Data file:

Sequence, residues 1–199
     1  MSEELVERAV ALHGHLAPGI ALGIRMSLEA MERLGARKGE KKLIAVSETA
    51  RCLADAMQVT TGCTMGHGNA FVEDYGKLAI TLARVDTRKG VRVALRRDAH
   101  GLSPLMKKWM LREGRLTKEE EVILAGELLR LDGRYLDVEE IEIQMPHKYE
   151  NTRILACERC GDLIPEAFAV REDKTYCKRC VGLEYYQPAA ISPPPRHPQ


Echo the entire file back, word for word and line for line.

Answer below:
Sequence, residues 1–199
     1  MSEELVERAV ALHGHLAPGI ALGIRMSLEA MERLGARKGE KKLIAVSETA
    51  RCLADAMQVT TGCTMGHGNA FVEDYGKLAI TLARVDTRKG VRVALRRDAH
   101  GLSPLMKKWM LREGRLTKEE EVILAGELLR LDGRYLDVEE IEIQMPHKYE
   151  NTRILACERC GDLIPEAFAV REDKTYCKRC VGLEYYQPAA ISPPPRHPQ